But one of (New York Times reporter David) Samuels’ biggest fallacies is his claim that the world’s leading nuclear policy and national security experts were duped by Rhodes, the deputy national security adviser whom Samuels portrays as a digital Machiavelli spinning gullible reporters and compliant experts into accepting a bad deal….
In London, Paris, Berlin and Washington the deal was evaluated on its merits, not on spin. Nor did we wait for the White House to fire the starting gun. Ploughshares Fund, the group I head, began our campaign to shut down Iran’s paths to a bomb six years ago.
Ben Rhodes Needs Some Fresh Air
Fred Kaplan – Slate
About a week ago, I told a friend that I didn’t understand how people like Ben Rhodes—who’s been working as deputy national security adviser since President Obama’s first day in the White House—could stand the nonstop pressure without going crazy. Then came David Samuels’ profile of Rhodes in the New York Times Magazine, and I wondered if he’d gone nuts after all….
Many have commented on the article as a fascinating, if gruesome portrait of how power works and how official narratives are woven in the age of Obama and social media. It is all that, but not entirely in the way that many bloggers and tweeters have inferred. It struck me as interesting in two ways: first, as a story of a senior staffer who has been hunkered down in a windowless West Wing office for too long; second, as the story of a freelance writer—David Samuels, the author of this piece—who has an ideological agenda to push and who hides it by hyping the importance of the man he’s profiling.
Ben Rhodes addressed the Center for a New American Security Tuesday afternoon. His invitation to appear before the House Oversight Committee’s hearing on The White House Narrative on the Iran Nuclear Deal was declined by the White House, citing “significant constitutional concerns.”
Did the New York Times Accidentally Tell the Truth About the Obama Administration?
Patrick L. Smith – Salon
In Ben Rhodes we seem to see the blurring of the line between the substance of policy and the narrative of the policy—its “story.” The flack and spinmaster sitting at the summit table tells us something fundamental about the Obama presidency and why it has been so hard a read in the foreign policy space. This is what I hope the historians do not miss.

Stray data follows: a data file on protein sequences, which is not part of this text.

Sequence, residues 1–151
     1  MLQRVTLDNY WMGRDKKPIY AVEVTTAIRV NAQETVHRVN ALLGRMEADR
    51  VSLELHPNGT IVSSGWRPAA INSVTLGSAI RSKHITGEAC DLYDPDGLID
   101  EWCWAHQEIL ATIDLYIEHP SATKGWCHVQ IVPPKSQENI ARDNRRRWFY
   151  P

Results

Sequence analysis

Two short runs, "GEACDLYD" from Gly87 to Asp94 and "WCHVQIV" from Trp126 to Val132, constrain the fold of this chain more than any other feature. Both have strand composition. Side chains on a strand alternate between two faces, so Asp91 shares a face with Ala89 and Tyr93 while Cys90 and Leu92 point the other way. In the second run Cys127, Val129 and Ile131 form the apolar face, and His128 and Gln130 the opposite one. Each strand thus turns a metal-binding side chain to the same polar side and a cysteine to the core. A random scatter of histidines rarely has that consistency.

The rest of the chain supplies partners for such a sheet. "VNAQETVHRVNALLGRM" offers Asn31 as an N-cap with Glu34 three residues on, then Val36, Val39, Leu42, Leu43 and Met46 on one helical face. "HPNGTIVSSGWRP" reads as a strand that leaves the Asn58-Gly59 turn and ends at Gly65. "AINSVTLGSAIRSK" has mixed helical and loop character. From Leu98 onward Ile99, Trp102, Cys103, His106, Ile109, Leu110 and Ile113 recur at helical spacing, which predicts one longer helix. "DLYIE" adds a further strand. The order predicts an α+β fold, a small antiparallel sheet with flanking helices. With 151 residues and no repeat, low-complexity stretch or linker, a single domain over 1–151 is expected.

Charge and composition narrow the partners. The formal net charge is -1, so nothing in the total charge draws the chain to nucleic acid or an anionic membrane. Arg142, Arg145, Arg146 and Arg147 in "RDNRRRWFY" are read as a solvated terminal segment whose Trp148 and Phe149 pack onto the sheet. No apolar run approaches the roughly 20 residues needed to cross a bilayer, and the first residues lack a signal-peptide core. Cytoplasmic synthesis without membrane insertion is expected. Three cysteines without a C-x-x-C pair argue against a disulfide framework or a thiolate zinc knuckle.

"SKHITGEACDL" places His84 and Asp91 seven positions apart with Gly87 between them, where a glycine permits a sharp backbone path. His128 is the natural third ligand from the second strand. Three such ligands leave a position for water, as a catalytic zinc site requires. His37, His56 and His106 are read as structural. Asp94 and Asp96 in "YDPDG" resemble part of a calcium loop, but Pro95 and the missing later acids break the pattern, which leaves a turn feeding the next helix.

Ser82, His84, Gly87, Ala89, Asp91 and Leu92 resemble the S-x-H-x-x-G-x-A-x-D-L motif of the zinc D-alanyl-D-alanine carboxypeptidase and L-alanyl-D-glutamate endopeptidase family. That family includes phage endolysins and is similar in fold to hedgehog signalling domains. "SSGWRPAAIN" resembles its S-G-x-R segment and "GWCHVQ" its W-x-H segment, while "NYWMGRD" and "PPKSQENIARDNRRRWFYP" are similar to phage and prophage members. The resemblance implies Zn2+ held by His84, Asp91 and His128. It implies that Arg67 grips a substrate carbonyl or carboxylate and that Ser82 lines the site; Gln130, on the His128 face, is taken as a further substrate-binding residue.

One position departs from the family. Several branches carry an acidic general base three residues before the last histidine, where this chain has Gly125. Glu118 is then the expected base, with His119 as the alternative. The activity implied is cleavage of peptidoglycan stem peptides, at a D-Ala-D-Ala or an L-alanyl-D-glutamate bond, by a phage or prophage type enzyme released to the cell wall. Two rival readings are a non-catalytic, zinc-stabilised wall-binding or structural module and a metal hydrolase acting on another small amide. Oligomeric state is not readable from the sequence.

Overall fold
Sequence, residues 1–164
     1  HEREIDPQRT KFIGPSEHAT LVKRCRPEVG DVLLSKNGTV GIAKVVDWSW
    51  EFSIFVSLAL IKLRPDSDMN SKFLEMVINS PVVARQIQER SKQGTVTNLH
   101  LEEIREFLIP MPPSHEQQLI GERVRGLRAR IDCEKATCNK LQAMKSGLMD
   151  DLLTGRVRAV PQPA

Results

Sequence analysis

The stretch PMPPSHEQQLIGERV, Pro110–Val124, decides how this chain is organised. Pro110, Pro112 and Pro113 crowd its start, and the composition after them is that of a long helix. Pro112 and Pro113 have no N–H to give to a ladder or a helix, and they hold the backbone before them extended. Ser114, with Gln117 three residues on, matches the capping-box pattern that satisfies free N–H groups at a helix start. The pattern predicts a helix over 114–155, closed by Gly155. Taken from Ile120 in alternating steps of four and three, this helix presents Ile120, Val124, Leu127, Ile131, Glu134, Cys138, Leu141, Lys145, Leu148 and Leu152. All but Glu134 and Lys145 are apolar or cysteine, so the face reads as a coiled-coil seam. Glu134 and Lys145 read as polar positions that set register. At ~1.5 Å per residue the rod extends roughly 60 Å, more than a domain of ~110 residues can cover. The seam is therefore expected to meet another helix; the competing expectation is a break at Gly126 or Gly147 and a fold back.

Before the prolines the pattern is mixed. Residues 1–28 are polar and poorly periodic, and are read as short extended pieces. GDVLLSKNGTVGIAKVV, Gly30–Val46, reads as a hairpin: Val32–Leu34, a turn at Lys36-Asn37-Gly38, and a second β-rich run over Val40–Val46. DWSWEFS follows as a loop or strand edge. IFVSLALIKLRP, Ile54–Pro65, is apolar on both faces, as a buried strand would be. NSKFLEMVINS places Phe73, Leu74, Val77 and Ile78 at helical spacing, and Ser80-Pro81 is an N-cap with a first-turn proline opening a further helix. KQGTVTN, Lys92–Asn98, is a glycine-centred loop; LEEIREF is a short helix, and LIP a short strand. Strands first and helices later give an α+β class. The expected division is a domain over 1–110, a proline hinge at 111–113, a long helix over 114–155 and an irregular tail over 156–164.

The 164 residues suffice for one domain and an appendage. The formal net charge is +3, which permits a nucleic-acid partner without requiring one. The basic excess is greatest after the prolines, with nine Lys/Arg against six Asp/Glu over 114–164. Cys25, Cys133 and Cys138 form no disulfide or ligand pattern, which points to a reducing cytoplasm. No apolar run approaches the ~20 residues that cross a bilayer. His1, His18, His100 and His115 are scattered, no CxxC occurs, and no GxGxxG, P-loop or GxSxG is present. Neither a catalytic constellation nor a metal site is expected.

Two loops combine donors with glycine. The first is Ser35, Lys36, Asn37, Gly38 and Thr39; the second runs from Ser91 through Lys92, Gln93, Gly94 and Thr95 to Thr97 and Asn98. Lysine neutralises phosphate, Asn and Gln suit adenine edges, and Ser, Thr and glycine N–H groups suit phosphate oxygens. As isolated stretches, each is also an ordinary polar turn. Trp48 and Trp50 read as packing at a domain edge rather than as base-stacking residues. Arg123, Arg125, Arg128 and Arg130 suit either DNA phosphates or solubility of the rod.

I do not doubt that Rhodes and Obama shared the ambition to effect “a radical shift in American foreign policy.” But they have misread the task top to bottom. Their project has been all about style, in a word. This president and his great communicator set out to change the way America does things abroad but not the intentions of what we do.
Ben Rhodes Proves Obama Is About Story-Telling, Not Accomplishments
M.G. Oprea – The Federalist
This admission of crafting a narrative for political ends seems to confirm what I have argued in the past, that Obama is more interested in the story, the headline, and shaping his legacy than with the merits or success of his policies. He cares more about how it sounds on the news when the anchor announces “Obama has negotiated a nuclear deal with Iran,” than with the consequences of his actions, or the deceptions he used to get there.
This was true for his signature legislation, the Affordable Care Act, which Obama and Democrats shoved through Congress by promising Americans there would be no hikes in premiums and if they liked their doctor they could keep their doctor. Both promises were, of course, blatant lies. But this has been Obama’s modus operandi for the past seven years: if it sounds good and will convince the people, Obama will say it.